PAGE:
June 19, 2021


by: admin


Tags: ADHD, Art, Childhood, Expression, Symptoms, Therapy


Categories: adhd

Self Expression and Artwork Remedy for Childhood ADHD Signs

How do you think your child would react if you asked them to pour a gallon of paint over you? I bet they would react just like my child: with a sly smile.

My youngest son loved the idea of ​​doing something with his mother that allowed him to be a little bit creative, a little bit chaotic, and a little bit destructive. But unknown to him, I had a motive other than fun: to help him deal with some of his ADHD problems. I felt that this creative endeavor could teach him healthy coping mechanisms for dealing with emotional responses that he did not fully understand – and often could not properly control.

Self-expression to deal with strong emotions

As a career artist, I am no stranger to using creative self-expression as a healthy outlet for my own feelings. Bundling my negative emotions into some kind of creative work has been my best and most helpful strategy for managing my mental health. I’ve also spent years teaching others to find their artistic voice and using it to express their innermost feelings, especially when words are too hard to find.

Creating art in any medium is a wonderful way to manage emotions. It acts as a drain valve, allowing you to vent all of your emotions outward and move on, knowing that those emotions will live on forever on a canvas or in a song rather than in your head.

After my son was diagnosed with ADHD, I knew that helping him learn this crucial coping mechanism was the best way to successfully manage some lifelong problems with emotional regulation.

[Read: Stifled Creativity and Its Damaging Impact on the ADHD Brain]

But it wasn’t going to be easy. Its symptoms are very different from what I believed I knew about ADHD and how it manifests itself in children.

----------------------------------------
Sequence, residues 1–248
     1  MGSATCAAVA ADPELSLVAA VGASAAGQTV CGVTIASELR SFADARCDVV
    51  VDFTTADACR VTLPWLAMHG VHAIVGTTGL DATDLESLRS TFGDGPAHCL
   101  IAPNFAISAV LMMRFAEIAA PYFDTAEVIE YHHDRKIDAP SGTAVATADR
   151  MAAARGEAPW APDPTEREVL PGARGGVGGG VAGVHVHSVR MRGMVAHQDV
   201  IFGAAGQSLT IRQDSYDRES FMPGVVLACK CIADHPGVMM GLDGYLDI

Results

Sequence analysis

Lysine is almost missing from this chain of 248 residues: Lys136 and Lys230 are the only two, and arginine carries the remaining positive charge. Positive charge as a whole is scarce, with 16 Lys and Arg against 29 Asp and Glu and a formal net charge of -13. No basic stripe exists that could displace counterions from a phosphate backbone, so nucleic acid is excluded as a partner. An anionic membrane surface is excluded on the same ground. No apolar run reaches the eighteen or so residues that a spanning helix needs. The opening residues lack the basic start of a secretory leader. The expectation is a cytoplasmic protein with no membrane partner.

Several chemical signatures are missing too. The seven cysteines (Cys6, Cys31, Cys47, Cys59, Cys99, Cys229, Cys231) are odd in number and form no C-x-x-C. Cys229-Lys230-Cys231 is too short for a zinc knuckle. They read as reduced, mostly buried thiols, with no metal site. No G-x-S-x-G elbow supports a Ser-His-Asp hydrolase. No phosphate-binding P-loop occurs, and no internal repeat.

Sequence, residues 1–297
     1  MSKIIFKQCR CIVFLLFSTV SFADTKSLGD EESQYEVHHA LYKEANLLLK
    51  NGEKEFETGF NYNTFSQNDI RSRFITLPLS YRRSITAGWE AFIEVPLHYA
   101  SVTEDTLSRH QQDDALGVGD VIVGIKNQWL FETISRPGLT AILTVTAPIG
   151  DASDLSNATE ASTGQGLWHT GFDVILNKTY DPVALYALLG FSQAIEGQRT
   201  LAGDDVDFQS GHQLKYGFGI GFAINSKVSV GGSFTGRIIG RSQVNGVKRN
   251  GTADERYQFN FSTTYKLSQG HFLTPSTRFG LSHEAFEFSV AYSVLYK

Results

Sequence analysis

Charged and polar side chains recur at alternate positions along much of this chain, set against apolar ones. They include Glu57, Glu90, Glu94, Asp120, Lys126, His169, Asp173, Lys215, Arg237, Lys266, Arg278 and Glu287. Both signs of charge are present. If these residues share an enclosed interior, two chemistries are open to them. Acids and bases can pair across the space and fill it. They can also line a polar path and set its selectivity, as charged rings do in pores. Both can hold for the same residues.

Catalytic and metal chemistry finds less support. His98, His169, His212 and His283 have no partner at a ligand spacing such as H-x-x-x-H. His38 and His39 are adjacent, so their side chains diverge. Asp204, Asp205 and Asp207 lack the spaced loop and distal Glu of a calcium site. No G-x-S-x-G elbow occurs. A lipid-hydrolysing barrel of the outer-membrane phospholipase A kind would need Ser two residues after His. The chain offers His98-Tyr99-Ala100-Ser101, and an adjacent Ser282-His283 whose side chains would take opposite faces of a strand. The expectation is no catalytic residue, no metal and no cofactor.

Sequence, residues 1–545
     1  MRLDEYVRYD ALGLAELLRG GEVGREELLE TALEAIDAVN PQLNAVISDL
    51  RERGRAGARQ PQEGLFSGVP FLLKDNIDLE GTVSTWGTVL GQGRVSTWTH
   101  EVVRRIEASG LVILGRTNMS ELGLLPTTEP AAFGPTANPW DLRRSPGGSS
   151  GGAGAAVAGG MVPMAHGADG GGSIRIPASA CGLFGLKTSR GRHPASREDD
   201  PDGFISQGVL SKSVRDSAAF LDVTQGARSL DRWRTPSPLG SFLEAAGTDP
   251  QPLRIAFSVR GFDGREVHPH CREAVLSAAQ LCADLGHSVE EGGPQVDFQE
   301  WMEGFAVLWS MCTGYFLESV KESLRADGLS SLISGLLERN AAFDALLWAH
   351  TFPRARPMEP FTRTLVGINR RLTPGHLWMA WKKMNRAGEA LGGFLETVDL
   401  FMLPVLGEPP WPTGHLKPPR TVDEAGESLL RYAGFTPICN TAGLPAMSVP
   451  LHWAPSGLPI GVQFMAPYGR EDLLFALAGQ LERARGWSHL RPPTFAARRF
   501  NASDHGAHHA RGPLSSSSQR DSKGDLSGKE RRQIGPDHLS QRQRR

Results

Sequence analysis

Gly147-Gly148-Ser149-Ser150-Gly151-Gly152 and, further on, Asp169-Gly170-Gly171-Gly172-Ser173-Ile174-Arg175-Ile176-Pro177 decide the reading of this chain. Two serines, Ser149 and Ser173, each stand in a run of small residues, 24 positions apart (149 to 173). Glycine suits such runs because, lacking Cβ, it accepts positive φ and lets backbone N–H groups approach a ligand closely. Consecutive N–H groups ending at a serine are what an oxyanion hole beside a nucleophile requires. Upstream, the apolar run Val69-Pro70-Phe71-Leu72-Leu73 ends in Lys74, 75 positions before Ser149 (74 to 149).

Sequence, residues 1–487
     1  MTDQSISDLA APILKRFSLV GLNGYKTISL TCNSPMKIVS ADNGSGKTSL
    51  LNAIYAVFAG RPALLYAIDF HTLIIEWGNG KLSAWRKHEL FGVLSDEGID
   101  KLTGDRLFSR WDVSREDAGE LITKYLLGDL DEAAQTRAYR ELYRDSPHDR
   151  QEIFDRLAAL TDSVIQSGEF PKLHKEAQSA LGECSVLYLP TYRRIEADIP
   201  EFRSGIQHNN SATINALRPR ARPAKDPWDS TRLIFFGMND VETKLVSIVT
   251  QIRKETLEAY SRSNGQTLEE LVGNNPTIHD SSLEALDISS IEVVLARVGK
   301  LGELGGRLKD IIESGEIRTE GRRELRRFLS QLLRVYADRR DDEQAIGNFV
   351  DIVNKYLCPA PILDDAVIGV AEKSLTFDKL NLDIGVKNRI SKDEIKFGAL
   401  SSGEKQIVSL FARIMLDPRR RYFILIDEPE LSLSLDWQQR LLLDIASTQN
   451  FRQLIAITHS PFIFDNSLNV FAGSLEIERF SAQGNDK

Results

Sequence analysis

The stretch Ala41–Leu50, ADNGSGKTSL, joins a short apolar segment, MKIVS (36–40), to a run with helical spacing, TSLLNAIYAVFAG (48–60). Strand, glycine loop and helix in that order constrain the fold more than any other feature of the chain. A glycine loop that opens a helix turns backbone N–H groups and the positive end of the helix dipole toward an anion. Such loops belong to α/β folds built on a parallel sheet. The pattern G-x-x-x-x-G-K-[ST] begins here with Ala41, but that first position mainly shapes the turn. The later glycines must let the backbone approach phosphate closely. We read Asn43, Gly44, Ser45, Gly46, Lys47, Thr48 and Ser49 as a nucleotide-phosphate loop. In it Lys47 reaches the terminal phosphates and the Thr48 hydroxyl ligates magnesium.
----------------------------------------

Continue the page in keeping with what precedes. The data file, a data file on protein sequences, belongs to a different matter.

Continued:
Intense ADHD symptoms

My oldest son was also diagnosed with ADHD some time ago. In contrast to those of his younger brother, his symptoms correspond to the stereotypical ADHD pattern. So I was amazed when a teacher suggested that I have my little one checked for ADHD. He had no problem getting his job done once he started, something that plagued his older brother all the time. Instead, he struggled with initiation – actually, he made himself sit down and start his work. But my husband and I eventually learned that task avoidance is a symptom of ADHD. It turned out that it was fear, not defiance, that kept him from getting started.

As a mother of two boys with very different manifestations of ADHD, I felt compelled to come up with the best solutions to help both of them based on their individual needs. After doing a lot of research and talking to psychologists, we decided to focus on creative self-expression to manage my youngest son’s symptoms.

This strategy seemed like a natural choice. My youngest has always been creative. He loves music, theater as well as art and grew up with great interest in observing my own artistic expression. I’ve often included him in my projects, which I never did with his older brother.